Volunteer at Plimoth Plantation
Thank you for your interest in volunteering with us! With opportunities ranging from one-time projects or events to several shifts per week on the living history sites, there is truly something for everyone who wants to contribute time and talents to the Museum. Whether putting in many hours of training to become a Museum Guide, weeding gardens, directing guests in the Visitor Center, helping with marine maintenance or stuffing envelopes for a mailing, volunteers are vitally important to operating our world-class institution. After attending an information session to learn about the available opportunities, you will be invited to complete an online application and attend volunteer orientation and training sessions.
For more information or to sign up, please call or email Courtney Roy-Branigan, Director of Development: (508) 746-1622 x8203, firstname.lastname@example.org.
Already a Volunteer?
Volunteer of the Year
We conclude each year with a special holiday party in honor of our wonderful volunteers. At the event we usually recognize one volunteer for their exemplary service and dedication to Plimoth Plantation. This year we honored two amazing people--Betty Sander, who volunteers weekly in Guest Services, and Dick Beane, who donates many hours to the maintenance of Mayflower II.
Click here For More information About Betty and Dick.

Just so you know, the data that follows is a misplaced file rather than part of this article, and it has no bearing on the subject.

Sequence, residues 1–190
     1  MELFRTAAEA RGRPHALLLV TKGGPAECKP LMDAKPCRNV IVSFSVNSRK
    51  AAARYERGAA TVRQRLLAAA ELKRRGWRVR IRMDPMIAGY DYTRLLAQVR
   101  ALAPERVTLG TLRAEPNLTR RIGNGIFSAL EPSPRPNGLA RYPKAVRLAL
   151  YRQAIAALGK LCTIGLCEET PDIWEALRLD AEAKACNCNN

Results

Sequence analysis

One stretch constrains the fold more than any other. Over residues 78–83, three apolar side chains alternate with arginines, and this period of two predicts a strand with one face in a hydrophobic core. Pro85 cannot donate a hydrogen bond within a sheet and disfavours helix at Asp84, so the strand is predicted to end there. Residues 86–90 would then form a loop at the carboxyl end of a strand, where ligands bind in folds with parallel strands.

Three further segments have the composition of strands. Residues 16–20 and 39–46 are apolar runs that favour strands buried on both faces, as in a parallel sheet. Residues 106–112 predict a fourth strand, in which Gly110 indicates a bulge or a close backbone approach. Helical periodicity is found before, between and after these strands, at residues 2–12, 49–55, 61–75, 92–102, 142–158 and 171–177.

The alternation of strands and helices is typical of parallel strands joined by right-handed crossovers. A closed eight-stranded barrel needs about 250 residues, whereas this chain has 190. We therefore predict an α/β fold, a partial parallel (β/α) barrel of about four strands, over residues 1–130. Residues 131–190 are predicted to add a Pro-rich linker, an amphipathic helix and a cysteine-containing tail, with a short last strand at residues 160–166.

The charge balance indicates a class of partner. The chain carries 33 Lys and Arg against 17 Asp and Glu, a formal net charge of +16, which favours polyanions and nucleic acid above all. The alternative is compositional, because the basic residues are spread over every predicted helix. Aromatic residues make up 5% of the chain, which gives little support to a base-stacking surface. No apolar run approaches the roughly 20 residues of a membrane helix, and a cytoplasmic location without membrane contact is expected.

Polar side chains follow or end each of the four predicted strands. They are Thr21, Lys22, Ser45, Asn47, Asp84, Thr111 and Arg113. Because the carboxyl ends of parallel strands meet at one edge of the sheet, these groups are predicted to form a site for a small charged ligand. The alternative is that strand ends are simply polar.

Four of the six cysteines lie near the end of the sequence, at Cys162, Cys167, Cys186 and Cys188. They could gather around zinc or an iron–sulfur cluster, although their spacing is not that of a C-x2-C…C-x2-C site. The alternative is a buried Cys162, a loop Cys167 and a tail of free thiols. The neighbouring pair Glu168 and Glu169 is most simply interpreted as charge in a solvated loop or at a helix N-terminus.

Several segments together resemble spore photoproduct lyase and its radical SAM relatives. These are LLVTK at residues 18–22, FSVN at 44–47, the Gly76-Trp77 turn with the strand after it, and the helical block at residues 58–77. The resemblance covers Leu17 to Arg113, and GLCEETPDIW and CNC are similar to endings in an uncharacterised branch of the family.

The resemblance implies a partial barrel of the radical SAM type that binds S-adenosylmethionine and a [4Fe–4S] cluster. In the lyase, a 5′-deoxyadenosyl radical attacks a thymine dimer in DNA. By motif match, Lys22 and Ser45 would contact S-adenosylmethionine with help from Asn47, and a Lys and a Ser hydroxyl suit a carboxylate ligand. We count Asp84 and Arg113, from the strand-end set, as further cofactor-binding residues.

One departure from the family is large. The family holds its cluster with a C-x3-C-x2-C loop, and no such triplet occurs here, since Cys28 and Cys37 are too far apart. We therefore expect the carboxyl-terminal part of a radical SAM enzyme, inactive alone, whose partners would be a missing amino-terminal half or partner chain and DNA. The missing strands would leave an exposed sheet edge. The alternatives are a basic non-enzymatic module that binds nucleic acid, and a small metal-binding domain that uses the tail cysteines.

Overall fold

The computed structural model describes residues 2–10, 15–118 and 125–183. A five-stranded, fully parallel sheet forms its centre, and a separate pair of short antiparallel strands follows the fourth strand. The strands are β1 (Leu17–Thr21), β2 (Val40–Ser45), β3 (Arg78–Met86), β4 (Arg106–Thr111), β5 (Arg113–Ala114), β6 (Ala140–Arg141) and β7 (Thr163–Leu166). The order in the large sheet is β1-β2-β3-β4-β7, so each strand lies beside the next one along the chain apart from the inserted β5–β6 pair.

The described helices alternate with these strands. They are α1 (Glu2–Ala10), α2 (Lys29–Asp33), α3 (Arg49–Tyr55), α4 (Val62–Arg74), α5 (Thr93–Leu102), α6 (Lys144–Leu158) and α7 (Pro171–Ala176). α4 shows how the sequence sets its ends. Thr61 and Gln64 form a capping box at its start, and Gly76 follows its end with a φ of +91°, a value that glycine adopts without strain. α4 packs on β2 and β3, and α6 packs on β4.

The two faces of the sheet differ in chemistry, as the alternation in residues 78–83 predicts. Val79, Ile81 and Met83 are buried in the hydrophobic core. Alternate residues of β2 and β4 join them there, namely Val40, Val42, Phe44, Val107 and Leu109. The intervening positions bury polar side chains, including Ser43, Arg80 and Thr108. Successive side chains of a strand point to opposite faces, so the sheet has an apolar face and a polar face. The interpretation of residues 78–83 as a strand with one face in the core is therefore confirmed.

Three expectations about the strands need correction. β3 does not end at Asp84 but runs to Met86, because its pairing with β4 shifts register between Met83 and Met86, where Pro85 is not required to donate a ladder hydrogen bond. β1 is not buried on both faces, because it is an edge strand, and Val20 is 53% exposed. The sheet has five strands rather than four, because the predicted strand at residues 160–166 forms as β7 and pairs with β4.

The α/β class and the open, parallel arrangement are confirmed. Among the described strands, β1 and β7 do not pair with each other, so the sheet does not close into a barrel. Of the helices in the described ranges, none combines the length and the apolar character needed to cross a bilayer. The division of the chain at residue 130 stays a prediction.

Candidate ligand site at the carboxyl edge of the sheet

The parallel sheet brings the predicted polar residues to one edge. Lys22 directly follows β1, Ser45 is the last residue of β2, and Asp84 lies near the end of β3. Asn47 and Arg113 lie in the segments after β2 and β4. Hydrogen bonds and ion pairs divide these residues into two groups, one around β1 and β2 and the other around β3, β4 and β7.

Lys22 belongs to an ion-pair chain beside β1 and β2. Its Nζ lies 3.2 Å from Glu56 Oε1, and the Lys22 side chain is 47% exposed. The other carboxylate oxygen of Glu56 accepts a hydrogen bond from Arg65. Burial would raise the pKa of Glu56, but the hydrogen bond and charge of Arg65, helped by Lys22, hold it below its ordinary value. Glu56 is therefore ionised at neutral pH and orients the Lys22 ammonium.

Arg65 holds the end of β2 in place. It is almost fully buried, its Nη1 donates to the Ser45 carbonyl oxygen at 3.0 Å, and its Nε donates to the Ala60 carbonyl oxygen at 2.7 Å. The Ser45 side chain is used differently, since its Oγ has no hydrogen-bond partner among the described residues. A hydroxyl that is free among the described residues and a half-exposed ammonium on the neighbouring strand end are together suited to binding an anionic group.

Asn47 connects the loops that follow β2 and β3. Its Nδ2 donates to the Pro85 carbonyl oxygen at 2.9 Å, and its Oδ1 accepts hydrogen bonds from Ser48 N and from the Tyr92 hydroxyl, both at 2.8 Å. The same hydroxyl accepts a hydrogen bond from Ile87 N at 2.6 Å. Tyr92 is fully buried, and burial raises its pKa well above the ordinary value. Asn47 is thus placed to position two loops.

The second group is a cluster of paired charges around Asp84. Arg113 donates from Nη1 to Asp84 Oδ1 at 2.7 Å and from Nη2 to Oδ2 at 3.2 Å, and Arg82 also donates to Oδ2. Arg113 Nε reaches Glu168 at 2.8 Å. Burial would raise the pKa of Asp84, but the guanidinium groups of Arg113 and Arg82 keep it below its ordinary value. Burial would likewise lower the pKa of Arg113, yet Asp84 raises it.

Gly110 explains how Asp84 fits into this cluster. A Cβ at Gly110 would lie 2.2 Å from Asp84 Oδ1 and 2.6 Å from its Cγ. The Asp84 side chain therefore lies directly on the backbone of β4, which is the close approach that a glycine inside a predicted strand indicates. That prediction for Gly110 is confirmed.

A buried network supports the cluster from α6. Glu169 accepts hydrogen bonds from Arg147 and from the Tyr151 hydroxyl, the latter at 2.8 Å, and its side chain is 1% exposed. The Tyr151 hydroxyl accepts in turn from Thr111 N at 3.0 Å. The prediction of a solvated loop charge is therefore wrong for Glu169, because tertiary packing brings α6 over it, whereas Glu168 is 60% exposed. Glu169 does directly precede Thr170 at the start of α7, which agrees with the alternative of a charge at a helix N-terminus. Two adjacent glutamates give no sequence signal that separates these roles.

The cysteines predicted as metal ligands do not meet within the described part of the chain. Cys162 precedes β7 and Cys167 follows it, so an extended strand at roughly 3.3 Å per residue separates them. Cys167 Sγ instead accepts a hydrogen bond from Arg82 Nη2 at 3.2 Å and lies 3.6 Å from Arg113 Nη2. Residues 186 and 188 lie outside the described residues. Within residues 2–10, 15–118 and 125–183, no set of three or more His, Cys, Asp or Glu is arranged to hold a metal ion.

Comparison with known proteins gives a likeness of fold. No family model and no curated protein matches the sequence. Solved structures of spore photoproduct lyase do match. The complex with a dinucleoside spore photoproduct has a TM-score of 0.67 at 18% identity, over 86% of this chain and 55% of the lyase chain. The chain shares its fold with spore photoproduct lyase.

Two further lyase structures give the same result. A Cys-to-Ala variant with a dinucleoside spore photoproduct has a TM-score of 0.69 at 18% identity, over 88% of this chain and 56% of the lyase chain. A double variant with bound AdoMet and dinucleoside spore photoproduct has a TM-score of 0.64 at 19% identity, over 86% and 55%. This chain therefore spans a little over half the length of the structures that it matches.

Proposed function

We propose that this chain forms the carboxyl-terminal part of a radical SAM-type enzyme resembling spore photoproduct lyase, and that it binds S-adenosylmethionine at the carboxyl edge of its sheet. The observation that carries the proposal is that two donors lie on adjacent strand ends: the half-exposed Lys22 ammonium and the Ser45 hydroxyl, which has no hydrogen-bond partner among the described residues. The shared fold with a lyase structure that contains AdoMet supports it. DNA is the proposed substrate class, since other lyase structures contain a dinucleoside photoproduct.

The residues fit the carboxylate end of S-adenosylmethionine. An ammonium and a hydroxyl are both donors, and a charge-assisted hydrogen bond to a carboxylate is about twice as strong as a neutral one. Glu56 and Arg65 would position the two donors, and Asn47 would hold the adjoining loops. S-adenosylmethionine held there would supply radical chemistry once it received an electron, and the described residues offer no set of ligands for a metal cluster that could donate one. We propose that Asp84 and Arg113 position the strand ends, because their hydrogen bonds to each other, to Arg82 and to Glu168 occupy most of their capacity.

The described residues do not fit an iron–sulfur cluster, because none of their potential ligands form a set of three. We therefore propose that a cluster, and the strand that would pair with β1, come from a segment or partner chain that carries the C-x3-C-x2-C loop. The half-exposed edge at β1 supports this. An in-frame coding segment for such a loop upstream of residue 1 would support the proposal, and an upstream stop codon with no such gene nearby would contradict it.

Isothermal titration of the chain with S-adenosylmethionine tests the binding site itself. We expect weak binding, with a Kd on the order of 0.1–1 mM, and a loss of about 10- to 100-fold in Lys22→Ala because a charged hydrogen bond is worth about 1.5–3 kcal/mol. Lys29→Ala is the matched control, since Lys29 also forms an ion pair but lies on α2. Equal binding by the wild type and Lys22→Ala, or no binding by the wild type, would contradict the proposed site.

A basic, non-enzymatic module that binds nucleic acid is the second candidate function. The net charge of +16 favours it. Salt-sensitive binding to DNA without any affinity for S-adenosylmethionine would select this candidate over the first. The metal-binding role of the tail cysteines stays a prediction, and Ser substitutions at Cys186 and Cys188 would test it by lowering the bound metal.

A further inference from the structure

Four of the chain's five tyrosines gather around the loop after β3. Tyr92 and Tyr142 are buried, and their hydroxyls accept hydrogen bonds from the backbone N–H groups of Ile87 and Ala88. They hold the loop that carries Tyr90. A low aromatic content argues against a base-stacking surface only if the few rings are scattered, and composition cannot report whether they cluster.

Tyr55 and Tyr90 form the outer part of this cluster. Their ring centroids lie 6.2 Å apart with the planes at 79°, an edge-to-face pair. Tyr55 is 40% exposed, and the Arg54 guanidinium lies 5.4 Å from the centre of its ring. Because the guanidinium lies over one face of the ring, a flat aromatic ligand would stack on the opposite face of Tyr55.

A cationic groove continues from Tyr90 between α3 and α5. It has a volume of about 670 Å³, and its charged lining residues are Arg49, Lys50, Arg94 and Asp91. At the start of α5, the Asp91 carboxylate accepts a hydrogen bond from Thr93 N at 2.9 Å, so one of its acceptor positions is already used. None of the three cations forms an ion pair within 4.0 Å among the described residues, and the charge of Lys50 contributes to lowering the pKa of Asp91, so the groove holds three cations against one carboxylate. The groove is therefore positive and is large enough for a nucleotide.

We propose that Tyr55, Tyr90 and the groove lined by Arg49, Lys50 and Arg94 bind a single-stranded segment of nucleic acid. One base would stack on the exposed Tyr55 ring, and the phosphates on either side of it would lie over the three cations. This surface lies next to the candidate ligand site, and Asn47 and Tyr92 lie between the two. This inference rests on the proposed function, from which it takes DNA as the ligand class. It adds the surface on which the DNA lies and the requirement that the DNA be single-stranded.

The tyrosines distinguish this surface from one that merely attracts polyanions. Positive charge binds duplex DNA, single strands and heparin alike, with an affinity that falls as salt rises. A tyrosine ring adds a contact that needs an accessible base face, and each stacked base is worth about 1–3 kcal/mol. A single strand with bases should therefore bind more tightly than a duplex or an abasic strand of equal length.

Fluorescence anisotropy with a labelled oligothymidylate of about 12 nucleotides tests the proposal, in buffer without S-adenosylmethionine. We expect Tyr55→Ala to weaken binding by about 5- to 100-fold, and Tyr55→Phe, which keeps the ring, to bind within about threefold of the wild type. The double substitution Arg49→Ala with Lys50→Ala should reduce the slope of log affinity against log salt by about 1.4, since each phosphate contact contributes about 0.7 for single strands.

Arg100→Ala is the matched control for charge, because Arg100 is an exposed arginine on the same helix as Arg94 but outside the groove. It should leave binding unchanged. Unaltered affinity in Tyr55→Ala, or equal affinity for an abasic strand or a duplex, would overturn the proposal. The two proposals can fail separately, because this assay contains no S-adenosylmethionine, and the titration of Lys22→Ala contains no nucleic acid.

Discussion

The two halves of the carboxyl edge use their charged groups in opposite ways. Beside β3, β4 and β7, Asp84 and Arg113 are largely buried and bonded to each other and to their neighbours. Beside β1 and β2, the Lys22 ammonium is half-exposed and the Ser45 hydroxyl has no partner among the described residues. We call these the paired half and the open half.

Betty has been a regular Guest Services volunteer at Plimoth Plantation for the past nine years. Her friendly, helpful presence with Museum guests on busy days is a huge help to staff as she is always ready and willing to do whatever is required to enhance the experience of visitors.
On September 22, 2016 Betty celebrated her 94th birthday by working her regular Thursday shift in the lobby, making her our most senior active volunteer! A proud descendant of at least five Mayflower passengers, she also volunteers regularly at the Mayflower Society House and the Plymouth Antiquarian Society.
Betty was born in Plymouth and lived here most of her life. She is always ready with a story from her catalog of memories, from the early days of Plimoth Plantation at the waterfront to the building of our current campus to the 1957 arrival of Mayflower II. She recalls walking to the harbor from her family home on Middle Street to watch the ship come in and being afraid that she would have to pay a nickel to get back home as they were charging people to sit in the viewing stands set up on Coles Hill.
Thank you Betty—we look forward to celebrating your 95th next year!
Dick has had a passion for Mayflower II since she first arrived in 1957 when he was 17. This video he made for Plimoth Plantation in 2013 tells the story of his relationship with her: http://www.plimoth.org/mfii
Since becoming a member of the sail training and maintenance team in 2007, Dick has logged over 10,000 volunteer hours and more underway time than most other members of the crew, including maritime staff. He is a great mentor to younger folks on the crew and genuinely respected by all of his colleagues. According to Director of Maritime Preservation and Operations, Whit Perry, he is a “stalwart maintenance worker “for whom there is “no job too nasty or difficult”, from working with ballast down in the hold of the ship to scrambling up the rigging and working in the round tops.
Dick is a humble, soft-spoken gentleman (except when telling some of his jokes!) and is generous with sharing his extensive knowledge of all aspects of Mayflower II and her historical importance. Having had a personal relationship with the ship for over 50 years, he is determined to play a role in ensuring that she will be restored and preserved for future generations of visitors from around the country and around the globe.
Thank you Dick!